Social media for doctors
4 tips to build a credible social media presence as a doctor
4 tips to build a credible social media presence as a doctor
Els Van de Veire
November 6, 2021
Should I be on social media?
Social media marketing for doctors
Personally, I have a love-hate relationship with social media. Love, because it connects people. Hate, because it disconnects people.
Think about this: negative reviews, trolls, angry comments, memes aiming to laugh at people. These are all examples of social media gone wrong.
However, in my business as the co-founder of Digital Practice, most of my experience with social media is extremely positive.
I see doctors engage with patients, some even making a real difference in patients’ lives by offering educational content about nutrition, lifestyle choices, self-care and tips to monitor your health.
I also see doctors use social media for self-improvement. We have helped dozens of specialists and physicians create an effective online leadership profile, for example on LinkedIn. This enables them to engage with other professionals such as lawyers (about workers’ compensation), committee board members or medical event organisers to just name a few.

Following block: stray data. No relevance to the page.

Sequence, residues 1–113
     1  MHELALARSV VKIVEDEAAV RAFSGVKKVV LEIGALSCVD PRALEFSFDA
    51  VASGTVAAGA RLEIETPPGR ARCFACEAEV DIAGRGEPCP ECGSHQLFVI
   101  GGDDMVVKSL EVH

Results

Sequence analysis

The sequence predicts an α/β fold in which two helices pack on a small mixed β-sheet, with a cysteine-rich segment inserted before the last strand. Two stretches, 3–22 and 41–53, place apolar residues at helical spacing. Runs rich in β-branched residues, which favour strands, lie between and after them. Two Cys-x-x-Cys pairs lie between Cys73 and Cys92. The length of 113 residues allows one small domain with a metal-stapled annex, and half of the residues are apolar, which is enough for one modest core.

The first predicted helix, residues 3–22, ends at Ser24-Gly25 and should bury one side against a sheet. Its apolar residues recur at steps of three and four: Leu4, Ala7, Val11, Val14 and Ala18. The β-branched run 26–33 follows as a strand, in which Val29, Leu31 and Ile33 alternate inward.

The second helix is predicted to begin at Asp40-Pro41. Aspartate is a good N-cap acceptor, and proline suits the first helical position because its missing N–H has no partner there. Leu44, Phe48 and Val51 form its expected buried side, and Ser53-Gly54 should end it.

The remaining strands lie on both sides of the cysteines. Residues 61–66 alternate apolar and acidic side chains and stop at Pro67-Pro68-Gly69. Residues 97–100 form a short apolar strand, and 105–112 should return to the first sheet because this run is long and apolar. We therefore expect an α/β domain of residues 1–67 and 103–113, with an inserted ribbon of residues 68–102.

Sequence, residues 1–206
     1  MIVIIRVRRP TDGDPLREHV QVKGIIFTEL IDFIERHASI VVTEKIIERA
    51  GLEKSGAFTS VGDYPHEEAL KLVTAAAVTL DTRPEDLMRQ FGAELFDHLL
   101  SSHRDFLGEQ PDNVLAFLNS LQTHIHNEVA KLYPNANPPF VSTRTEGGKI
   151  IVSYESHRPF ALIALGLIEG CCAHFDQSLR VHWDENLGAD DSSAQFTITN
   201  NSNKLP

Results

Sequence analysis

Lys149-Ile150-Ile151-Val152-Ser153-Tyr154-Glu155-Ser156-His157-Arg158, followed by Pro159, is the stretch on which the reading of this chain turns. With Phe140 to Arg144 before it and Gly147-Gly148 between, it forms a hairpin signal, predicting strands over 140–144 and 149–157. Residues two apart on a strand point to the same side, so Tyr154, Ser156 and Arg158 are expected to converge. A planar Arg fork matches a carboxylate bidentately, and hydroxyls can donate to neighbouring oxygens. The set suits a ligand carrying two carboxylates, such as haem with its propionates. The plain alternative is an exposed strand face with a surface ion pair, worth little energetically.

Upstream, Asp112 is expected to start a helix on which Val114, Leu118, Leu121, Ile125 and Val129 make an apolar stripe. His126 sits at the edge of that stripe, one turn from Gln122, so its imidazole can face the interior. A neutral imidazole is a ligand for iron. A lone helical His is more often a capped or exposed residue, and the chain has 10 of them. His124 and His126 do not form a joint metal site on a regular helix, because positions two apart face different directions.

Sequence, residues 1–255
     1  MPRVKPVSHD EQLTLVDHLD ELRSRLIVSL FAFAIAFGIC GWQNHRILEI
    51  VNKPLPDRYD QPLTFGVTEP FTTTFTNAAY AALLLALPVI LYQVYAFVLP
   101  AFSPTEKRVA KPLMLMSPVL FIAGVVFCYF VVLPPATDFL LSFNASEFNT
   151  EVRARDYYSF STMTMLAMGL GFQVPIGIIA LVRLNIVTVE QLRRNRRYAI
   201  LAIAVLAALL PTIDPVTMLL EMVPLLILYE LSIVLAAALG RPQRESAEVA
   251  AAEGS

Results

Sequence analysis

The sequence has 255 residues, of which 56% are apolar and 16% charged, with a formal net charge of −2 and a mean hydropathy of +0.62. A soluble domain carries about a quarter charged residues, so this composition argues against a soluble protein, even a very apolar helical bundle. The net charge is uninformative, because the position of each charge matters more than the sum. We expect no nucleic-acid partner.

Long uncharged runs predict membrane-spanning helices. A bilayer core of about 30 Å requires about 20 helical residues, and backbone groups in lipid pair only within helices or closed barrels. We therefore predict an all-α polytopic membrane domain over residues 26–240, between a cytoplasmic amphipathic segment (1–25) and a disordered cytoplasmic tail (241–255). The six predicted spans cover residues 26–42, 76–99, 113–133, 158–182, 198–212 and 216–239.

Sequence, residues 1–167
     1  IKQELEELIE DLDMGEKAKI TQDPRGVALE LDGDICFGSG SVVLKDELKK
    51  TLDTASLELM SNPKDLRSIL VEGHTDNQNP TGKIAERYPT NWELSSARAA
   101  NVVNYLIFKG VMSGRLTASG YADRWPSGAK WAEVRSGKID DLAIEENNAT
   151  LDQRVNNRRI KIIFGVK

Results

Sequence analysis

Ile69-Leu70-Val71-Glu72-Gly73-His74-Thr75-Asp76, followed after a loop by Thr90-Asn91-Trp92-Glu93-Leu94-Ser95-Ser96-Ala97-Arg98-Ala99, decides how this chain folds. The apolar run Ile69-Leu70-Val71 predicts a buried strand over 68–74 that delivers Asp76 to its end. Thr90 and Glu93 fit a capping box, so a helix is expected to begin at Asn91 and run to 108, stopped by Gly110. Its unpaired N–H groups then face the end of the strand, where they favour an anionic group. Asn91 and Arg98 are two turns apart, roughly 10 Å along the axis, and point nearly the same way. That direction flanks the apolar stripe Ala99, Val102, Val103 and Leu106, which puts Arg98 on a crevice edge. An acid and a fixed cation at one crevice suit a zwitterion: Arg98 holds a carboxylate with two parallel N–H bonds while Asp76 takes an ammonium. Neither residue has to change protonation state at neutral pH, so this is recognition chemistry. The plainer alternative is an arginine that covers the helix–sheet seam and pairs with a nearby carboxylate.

So should you be on social media?
Yes. The benefits still outweigh the inconveniences.
If you’re a sceptic because you’re worried about breaching rules or guidelines, then please continue reading, to go over some of my insights that I am happy to share with you.
#1 Respect patient confidentiality
social media for doctors and patient confidentiality
It is your responsibility to protect your patient’s information. You have the ethical and legal obligation to preserve patient privacy.
Breaching confidentiality can result in legal action.
When you are using patient images online, you always should obtain written and specific patient consent before you post anything. This also applies to posting in private groups, as people may take a screengrab of your post and share it publicly.
Even when you take a picture of yourself, you have to be aware of your environment. Patient information in the background may be visible. Or let’s take a look at this stock photo as an example.
If this were your photo and it was posted on your Facebook page, you could still be sued, even though the focus is on you as the physician. That’s because the patient in the background could be seen as recognisable.
And even if identifying this patient were an unintentional incident, it would still be seen as inappropriate use of social media.